Similarly, when a therapist maintains the misconception that they have it all together and are nearly flawless in their behavior, communication, relationships, emotional intelligence, and the like, it sets an unrealistic expectation for the person in therapy. It also encourages an unjustified idealization of the therapist. This unrealistic expectation can reinforce shame and self-doubt for people in therapy rather than reinforcing the idea that we’re all OK, even with our flaws and limitations. The shame and doubt leads to self-criticism and contempt. This in turn leads people to want to get rid of the parts of themselves they don’t like.


Sadly, there are some mental health therapists who still advocate for the removal or mental/emotional amputation of certain human aspects because they are destructive or self-destructive. This method does not lead to wholeness, health, or happiness. Instead, the underlying burdens which fuel the destructive behavior are not addressed. There is an akido to psychotherapy that Carl Rogers referred to when he wrote, “The curious paradox is that when I accept myself just as I am, then I can change.” By not emotionally amputating an aspect of a person and, instead, by bringing it closer, a person has a chance to change.

It’s in the best interest of people in therapy for mental health therapists not to focus on removing flaws, but rather to set the example that we’re all born loving, lovable human beings who are doing the best we can based on our experience and the physiological limitations with which we were born.

Certainly, there are a small percentage of individuals who are born without the capacity for empathy or remorse. However, this doesn’t mean that they are necessarily evil or unlovable. There are countless resources about sociopathy. The point is that very few of those in therapy are born with the issues they have. They might have predispositions or propensities for certain coping mechanisms or symptoms. However the issues people struggle with are largely a result of life experience, not always chemical imbalance. Any chemical imbalance is often a symptom, not a cause. The fact is we all suffer, we all struggle, we all face challenges, even therapists.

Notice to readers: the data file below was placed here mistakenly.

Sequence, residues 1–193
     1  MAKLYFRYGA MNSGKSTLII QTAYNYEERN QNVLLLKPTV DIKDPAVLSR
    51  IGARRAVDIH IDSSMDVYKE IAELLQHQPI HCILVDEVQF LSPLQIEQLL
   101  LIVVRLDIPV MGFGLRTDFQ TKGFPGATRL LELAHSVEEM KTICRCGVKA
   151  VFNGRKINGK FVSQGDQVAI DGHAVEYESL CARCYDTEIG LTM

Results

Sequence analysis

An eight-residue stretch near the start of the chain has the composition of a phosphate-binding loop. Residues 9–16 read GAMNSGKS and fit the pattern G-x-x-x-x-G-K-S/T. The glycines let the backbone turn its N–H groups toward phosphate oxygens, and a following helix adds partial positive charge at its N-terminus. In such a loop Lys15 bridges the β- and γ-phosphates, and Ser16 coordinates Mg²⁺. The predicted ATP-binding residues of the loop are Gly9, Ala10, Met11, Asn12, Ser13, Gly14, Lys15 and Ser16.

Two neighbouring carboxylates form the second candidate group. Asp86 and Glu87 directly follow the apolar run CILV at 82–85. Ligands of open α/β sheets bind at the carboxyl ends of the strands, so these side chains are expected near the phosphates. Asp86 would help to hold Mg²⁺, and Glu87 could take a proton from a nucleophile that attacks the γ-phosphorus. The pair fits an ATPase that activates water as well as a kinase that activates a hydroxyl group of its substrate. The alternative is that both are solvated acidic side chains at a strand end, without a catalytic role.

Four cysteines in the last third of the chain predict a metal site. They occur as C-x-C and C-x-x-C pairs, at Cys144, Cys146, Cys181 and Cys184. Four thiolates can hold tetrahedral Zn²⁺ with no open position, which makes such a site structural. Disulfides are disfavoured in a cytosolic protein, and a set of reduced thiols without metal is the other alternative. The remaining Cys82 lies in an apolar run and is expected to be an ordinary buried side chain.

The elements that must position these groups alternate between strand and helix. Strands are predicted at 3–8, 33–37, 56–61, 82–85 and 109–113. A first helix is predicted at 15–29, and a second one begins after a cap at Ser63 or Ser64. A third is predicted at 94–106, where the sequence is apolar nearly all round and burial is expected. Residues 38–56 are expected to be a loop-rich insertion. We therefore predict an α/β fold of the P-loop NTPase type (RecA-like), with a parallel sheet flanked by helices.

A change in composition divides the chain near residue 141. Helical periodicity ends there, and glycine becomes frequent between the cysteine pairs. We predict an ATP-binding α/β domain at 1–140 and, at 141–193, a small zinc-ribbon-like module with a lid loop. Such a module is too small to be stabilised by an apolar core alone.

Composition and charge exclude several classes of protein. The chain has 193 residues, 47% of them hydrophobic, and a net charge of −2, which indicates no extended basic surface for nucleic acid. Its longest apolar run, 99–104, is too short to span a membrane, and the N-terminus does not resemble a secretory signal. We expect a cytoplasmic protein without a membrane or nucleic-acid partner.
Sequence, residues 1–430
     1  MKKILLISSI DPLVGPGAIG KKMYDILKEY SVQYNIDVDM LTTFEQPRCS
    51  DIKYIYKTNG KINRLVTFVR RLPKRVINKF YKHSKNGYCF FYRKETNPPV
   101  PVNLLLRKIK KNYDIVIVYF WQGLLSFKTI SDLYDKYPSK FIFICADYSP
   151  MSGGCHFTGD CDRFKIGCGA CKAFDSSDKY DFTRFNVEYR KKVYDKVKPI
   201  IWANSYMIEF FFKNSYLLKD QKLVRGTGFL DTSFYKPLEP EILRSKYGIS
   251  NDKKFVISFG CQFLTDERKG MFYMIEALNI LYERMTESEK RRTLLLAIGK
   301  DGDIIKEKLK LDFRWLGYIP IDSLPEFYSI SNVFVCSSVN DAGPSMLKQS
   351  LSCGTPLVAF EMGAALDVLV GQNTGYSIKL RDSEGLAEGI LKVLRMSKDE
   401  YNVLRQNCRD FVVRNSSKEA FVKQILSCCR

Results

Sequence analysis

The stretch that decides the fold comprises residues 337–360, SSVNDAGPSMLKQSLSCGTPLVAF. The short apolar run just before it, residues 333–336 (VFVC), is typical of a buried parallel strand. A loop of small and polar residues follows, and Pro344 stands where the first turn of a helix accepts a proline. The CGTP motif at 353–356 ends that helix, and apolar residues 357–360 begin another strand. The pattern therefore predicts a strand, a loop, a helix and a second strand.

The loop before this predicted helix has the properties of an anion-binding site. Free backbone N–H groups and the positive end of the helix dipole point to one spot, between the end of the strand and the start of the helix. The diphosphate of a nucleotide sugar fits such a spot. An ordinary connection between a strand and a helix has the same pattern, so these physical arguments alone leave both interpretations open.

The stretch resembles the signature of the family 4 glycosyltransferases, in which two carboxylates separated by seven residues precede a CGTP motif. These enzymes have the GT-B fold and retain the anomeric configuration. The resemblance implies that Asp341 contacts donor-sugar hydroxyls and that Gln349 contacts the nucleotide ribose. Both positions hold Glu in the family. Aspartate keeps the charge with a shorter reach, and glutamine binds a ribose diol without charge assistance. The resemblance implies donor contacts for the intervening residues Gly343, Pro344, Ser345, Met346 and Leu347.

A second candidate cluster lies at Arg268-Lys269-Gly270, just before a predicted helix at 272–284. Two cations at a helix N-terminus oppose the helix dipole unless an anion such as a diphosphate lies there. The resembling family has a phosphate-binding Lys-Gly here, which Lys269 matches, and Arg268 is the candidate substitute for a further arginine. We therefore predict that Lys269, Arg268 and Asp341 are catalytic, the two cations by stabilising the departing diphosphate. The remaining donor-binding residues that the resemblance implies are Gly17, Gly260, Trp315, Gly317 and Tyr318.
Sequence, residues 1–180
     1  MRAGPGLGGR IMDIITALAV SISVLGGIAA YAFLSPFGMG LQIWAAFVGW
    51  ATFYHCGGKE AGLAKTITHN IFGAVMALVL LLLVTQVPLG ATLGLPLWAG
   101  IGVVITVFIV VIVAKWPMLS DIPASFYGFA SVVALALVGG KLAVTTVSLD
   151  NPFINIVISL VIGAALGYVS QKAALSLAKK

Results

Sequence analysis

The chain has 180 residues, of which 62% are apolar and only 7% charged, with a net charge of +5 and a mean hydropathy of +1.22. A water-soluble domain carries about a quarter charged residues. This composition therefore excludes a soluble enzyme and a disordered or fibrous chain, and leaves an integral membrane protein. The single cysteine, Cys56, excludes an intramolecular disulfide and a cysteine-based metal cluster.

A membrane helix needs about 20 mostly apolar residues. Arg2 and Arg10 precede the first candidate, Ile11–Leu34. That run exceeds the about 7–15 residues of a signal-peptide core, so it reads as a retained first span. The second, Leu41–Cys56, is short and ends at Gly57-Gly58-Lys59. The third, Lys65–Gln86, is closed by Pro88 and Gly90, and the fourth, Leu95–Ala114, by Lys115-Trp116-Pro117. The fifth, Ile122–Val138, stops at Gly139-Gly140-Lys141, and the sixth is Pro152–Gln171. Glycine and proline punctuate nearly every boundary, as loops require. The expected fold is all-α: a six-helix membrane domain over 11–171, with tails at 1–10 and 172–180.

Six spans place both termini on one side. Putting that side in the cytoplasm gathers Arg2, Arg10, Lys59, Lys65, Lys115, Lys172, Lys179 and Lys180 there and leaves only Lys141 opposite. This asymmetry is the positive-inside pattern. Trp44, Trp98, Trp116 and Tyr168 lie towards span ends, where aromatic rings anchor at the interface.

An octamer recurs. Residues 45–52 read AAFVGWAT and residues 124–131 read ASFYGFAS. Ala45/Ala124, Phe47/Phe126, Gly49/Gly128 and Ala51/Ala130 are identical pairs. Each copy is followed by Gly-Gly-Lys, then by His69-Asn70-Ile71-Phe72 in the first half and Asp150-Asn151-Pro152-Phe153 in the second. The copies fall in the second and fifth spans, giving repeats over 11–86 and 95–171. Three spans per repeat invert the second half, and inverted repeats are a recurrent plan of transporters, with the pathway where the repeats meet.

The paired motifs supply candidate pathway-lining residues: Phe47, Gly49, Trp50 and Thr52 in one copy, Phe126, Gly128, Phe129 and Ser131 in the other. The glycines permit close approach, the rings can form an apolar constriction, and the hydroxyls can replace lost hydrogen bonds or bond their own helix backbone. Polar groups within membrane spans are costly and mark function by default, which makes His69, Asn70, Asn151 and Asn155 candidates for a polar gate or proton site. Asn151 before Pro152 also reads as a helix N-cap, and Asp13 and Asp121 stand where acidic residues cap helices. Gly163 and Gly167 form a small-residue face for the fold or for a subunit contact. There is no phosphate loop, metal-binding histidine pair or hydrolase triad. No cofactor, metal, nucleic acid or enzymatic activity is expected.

At its best, effective therapy encourages us to accept and love ourselves, despite our limitations and difficulties. Mental health therapists have many beautiful opportunities to help make this shift happen through recognizing and treating people with the dignity they deserve. But first, therapists need to find their own humility, self-compassion, and self-acceptance. Only then will a therapist see those coming to them for help as people.

When a therapist sees a patient, therapy is not being done. When a therapist sees a person walk through the door, half of the therapy is already done.